The term "sight reading" is enough to send chills down any musician's back. The ability to just look at a sheet of paper and play the piece is a skill that many of us assume is reserved for the absolute elite of musicians.
The truth is, sight reading doesn’t have to be such a mountain to climb. Anyone can learn to sight read by starting simple and working up.
This article has been written for Rockschool on behalf of MusicTeacher.com by Leigh Fuge.
Let’s consider some key points that would help you learn sight reading:
1. Familiarise With Rhythmic Awareness
Are you familiar with how to read your note lengths on both staves and rhythm charts? Having the ability to spot your note lengths will make a huge difference when sight reading. Being able to read note length without thinking means you can look at the note and focus on the pitch and not the length.
2. Improve Key Signature, Chord and Scale Knowledge
Often, when it comes to sight reading you may be given a quick opportunity to scan the page first. This is a good time to take in the key signature of the song. This will immediately give you an insight into what scales and chords you should expect to see in the piece.
I would recommend learning your Major and Minor scales as chords, understanding intervals and relative major/minor keys. If you look at a piece and you can identify the key right away, that will give you all the information you need providing you know what scales and chords fit into that key.
Check out this other resource I wrote for Rockschool called Key Signatures: A Beginners Guide. This has all the information you need to get started with understanding key signatures.
3. Start Small and Grow
Don’t expect to be able to sight read at the highest level after just a week of learning the basics. Sight reading is a skill that takes time, practise and patience to develop to a high standard. A great way to start sight reading is to take a melody that you are familiar with and find the sheet music for it. Study the key signature of the piece and try to follow it along with the sheet music. You can use your scale knowledge to help guide you and your familiarity with how the piece should sound will help you piece together the notes.
By doing this, you are associating the notes on the stage with the pitches on your instrument. Don’t go for a piece that’s too complex right away, take it easy with a piece that you know well.
4. Study Before Starting
Before you dive into a sight-reading exercise, spend that little bit of extra time looking at it and making notes (either in your mind or by writing them on the charts) about what you’re looking at. Look for any key areas where you might run into difficulty or something that might not look like it belongs in that key family.
You should also pay attention to any dynamic changes or repeated sections. I often do a lot of live gigs that involve showing up and playing off chord charts with no prior rehearsals. I rely on my understanding of these charts to get me through the gig. In these situations, the first thing I always do is study the arrangements and look for any key points where I need to repeat something or change the overall feel or dynamic.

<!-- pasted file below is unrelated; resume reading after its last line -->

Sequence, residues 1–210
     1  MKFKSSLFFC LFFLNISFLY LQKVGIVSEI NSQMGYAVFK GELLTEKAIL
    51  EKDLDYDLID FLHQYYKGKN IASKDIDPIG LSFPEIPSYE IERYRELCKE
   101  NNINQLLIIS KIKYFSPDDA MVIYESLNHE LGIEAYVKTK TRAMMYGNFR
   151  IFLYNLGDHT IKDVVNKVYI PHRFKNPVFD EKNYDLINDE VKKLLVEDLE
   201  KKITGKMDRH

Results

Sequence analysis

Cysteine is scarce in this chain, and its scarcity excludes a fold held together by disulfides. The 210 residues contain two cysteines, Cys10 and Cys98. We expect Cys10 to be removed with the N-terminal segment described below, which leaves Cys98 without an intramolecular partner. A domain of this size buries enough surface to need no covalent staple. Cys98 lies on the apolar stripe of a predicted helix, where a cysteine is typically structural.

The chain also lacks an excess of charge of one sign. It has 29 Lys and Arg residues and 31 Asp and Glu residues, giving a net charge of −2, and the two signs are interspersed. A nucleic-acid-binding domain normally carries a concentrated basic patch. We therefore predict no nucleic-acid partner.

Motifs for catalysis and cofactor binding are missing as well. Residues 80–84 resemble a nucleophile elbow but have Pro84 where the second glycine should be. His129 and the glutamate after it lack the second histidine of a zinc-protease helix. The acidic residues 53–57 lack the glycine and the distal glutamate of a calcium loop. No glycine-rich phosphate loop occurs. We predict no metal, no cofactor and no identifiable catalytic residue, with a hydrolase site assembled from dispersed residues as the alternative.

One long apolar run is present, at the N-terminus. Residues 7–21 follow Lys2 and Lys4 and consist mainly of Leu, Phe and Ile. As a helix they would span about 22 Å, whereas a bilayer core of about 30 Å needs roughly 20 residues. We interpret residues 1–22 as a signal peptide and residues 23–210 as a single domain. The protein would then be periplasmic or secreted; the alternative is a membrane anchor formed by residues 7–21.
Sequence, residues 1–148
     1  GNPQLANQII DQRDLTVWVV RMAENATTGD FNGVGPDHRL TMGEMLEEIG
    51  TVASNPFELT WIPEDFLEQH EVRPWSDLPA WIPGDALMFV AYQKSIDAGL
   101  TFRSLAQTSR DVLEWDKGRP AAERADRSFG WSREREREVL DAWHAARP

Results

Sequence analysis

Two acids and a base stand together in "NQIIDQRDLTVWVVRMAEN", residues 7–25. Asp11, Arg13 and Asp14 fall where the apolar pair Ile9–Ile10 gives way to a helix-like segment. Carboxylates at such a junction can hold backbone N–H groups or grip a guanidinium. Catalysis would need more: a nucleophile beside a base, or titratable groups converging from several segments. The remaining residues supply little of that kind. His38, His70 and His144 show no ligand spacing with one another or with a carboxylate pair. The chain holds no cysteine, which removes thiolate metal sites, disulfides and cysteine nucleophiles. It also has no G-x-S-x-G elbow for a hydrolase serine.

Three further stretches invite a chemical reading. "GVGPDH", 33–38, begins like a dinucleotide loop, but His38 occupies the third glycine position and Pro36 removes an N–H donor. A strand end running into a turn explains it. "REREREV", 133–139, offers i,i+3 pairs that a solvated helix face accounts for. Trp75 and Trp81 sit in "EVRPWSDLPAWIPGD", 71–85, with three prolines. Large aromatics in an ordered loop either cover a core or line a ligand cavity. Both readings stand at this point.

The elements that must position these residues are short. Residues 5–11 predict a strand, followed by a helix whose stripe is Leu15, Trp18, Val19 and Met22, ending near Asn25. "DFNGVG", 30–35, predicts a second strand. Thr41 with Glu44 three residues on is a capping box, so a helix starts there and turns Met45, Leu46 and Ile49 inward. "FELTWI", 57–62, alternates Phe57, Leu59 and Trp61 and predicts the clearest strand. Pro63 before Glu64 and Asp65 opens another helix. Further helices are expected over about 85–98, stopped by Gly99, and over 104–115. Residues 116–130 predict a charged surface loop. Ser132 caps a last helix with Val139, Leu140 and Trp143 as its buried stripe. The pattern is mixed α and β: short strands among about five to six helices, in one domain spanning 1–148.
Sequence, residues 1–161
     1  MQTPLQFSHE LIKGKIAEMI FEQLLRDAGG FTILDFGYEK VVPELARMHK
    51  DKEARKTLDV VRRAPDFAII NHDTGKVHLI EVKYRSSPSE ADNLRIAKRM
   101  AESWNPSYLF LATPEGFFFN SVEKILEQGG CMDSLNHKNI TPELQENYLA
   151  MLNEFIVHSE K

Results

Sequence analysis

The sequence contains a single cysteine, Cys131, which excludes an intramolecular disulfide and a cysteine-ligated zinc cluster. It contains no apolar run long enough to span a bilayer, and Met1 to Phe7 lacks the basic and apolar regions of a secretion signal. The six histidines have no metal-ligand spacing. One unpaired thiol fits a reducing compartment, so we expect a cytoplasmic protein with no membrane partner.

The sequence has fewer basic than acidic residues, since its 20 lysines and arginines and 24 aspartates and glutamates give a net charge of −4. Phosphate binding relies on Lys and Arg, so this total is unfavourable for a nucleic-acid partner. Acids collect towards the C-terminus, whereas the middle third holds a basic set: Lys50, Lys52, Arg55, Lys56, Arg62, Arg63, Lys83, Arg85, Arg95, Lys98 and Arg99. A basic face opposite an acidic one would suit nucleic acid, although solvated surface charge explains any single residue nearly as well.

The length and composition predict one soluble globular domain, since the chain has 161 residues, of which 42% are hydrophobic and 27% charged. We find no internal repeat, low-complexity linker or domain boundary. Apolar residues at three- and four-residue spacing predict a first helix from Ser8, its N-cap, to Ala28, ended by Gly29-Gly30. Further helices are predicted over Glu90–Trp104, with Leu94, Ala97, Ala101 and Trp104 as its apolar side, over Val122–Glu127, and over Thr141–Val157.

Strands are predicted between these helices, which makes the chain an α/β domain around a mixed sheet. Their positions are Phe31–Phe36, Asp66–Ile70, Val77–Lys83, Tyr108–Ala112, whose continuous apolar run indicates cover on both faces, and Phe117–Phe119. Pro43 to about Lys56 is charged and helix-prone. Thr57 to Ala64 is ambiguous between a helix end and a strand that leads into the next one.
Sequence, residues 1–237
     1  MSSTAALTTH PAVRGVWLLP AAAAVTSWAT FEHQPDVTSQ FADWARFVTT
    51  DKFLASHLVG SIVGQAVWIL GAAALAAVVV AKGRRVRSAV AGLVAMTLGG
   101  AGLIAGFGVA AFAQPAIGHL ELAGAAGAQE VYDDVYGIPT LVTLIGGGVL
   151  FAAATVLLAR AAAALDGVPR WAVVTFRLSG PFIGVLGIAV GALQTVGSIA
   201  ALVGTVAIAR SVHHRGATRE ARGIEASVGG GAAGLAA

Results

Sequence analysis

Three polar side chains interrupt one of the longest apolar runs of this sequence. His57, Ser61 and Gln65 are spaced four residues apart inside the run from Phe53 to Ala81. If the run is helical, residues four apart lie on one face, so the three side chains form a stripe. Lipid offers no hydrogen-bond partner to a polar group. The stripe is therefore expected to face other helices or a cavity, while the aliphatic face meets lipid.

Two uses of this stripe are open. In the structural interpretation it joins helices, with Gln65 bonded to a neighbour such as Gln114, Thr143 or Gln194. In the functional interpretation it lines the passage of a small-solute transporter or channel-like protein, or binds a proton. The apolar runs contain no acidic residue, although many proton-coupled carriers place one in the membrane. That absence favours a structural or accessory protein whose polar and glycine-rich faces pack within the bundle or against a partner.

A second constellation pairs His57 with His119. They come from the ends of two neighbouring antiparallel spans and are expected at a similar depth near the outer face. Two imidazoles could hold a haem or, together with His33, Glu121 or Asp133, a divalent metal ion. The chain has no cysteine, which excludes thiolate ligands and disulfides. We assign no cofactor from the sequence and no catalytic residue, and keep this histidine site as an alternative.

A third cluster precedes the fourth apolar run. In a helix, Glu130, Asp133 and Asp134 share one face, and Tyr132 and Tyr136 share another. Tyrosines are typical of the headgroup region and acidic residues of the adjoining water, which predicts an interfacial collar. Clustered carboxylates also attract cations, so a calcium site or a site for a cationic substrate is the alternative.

5. Learn to Think Ahead of Yourself
When you start to progress with sight reading, you’ll realise that you need to think ahead of your current playing position. Many accomplished sight readers will learn to take in an entire bar in one go, or even a few beats at a time. This means that you can be playing something while your brain locks into the part coming next.
This might sound quite intense, and at first, it will be. It’s essentially splitting the brain into two halves, one to play and one to read.
Like all sight reading, start slowly with this. This is something else that using a familiar melody or piece could benefit from as you will be familiar enough to play a section while allowing your mind to move ahead to study the part that is coming up next.
Are You Getting Better?
Let’s imagine you’ve now been trying to learn sight reading for a few weeks, how do we know if you’re getting better. Firstly, you will feel more comfortable with the idea. You’ll feel more at ease when you look at a piece of music and you’ll feel more confident in your ability to just dig in. You’ll also feel that you’re spending less time “working it out” and more time just playing it.
A good measure of this is to once again call up the notation for a piece of music you are familiar with but make sure it’s a piece you can’t already play from memory. Try to sight read it, if it sounds as you expect then that’s a positive indicator that your sight reading is moving in the right direction.
Don’t give up! It’s a long road but the results are worth it. You’ll get into the swing of it very quickly but don’t forget to keep working at it and keep pushing yourself.
About the Author:
This article has been written for Rockschool on behalf of MusicTeacher.com by Leigh Fuge, a professional guitarist, tutor and journalist from Wales in the UK. He has been working in the music industry for over 10 years as a touring and studio musician with various artists, guitar tutor and writer for many high profile guitar publications. Read more of Leigh's pieces relating to Rockschool here...